I was asked to give my opinion on this book by a friend who was considering reading it. I told her to purchase it without hesitation, as I knew, having read it myself, that it would be thoroughly enjoyed. Hence the review post.
The Light Between Oceans is M L Stedman’s debut novel but you would never guess so. The story is so beautifully crafted that you would expect Stedman to have a string of novels to her name. I will certainly be keeping my readers eye out for future books from this Australian author.
Having survived the trenches of WW1 Tom Sherbourne returns to Australia physically well but mentally scarred by the horrors of his experience.
Securing a job as a lighthouse keeper on the remote Janus Rock, Tom immerses himself in the occupations isolation.
Whilst on a trip to Point Partageuse, the nearest community back on the mainland, Tom meets and falls in love with local girl Isabel Graysmark. They marry and return together to Janus Rock where they long to start a family but tragically suffer a series of miscarriages.
So when a boat washes up on the rocks containing the body of a man, and a screaming baby girl, the Sherbourne’s make a decision that will ultimately break their hearts.
Choosing to bury the body and take the child as their own will be a decision that causes unimaginable guilt and haunting consequences, not only for their family, but also for an entire community.
Stedman richly describes her characters and settings and covers a range of emotions from the view points of different individuals, while managing to attach the same levels of importance to each. Isabel’s loss and sense of doing what’s best, Tom’s sense of duty and guilt. The shock and hurt of family and friends after discovering the Sherbourne’s secret, the biological mothers sense of grief and longing for justice and a young child’s sense of confusion and loyalty. Love, sacrifice, truth and morality are all given room to play out in the book.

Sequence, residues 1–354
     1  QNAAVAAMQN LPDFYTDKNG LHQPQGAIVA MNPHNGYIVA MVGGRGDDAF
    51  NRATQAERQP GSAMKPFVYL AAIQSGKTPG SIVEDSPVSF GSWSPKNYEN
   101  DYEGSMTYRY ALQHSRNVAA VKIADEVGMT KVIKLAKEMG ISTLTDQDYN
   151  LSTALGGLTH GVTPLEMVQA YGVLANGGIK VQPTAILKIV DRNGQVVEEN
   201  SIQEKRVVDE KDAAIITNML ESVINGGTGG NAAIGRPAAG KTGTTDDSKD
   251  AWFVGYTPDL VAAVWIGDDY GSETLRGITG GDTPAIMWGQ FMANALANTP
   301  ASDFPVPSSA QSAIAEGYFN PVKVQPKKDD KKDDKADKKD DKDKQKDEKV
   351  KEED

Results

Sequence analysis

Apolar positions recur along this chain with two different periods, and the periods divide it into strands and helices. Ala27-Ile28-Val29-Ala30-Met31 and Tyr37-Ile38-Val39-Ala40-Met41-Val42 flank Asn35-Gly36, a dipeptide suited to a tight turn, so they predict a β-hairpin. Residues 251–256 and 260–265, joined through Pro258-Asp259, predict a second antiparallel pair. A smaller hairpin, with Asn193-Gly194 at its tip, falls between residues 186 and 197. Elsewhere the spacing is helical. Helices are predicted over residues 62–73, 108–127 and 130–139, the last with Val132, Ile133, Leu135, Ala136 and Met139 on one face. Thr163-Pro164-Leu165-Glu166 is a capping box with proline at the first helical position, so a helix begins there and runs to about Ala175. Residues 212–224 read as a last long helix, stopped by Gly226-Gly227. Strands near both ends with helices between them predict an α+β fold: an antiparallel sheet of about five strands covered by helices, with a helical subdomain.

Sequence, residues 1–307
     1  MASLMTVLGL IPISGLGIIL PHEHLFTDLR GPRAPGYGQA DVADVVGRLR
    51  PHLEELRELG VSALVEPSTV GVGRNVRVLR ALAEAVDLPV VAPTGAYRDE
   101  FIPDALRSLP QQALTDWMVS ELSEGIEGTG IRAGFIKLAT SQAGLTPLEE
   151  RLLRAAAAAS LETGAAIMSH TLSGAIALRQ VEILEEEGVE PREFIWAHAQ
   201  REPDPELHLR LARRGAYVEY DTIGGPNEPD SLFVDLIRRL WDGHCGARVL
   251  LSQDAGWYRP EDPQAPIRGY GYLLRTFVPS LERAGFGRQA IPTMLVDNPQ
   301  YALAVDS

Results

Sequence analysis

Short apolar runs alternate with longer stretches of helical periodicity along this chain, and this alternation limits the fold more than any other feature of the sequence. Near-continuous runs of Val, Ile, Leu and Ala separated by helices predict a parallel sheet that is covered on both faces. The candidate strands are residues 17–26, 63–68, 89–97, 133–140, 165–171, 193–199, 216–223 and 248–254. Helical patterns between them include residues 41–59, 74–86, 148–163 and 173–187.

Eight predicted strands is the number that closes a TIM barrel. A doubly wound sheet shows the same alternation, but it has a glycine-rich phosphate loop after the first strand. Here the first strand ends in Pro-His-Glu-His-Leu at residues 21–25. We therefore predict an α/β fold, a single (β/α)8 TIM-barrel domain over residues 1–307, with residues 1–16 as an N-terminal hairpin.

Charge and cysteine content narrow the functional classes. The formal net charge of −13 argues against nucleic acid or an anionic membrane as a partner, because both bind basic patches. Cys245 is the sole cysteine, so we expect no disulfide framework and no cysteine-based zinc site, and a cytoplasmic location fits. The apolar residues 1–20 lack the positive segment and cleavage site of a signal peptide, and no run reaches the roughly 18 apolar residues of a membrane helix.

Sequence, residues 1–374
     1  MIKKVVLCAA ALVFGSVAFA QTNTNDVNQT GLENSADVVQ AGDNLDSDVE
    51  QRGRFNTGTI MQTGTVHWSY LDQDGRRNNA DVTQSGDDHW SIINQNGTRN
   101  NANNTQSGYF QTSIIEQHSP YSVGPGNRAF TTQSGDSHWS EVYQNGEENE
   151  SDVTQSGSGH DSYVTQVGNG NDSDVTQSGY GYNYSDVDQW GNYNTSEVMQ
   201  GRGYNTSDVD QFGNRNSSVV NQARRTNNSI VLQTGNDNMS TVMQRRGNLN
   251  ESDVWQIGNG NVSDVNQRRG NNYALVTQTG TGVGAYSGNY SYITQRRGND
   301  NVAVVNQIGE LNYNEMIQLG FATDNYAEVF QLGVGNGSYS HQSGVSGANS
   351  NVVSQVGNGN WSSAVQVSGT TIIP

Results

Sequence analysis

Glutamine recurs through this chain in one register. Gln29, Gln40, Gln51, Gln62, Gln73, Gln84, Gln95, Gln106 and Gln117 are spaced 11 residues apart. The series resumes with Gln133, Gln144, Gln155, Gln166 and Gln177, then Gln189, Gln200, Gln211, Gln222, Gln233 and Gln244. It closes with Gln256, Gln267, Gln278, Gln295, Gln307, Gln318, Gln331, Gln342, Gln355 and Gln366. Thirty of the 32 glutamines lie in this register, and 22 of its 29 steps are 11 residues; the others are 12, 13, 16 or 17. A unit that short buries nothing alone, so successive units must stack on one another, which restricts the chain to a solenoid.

The story is convincingly told and illustrates how easily the lines between right and wrong can sometimes become blurred.
Tom and Isabel’s actions speak of their loss and desperation and while half of you sympathises with their predicament the other longs for them to be discovered and the child returned to her rightful parents. The Sherbourne’s truly believe they are acting in the girls best interest and raise her in love, so does this make their actions right or wrong? And although they acted out of kindness does this make their decision acceptable?
This is a tale that makes you question your own sense of morality and how you would act in a similar circumstance.
Through the writing the characters come alive in your mind to such an extent that you pray for a solution that will please everyone although deep down you know this just isn’t possible.
This book is a lovely, heartfelt read. While both moving and enjoyable it will also chill to the bone as it brings home the realisation that one decision can have a lifetimes worth of consequences.